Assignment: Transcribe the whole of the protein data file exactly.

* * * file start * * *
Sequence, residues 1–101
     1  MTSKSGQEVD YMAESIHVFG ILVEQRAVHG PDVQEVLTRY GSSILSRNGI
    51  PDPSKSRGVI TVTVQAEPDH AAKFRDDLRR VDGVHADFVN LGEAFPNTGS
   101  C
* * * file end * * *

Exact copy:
Sequence, residues 1–101
     1  MTSKSGQEVD YMAESIHVFG ILVEQRAVHG PDVQEVLTRY GSSILSRNGI
    51  PDPSKSRGVI TVTVQAEPDH AAKFRDDLRR VDGVHADFVN LGEAFPNTGS
   101  C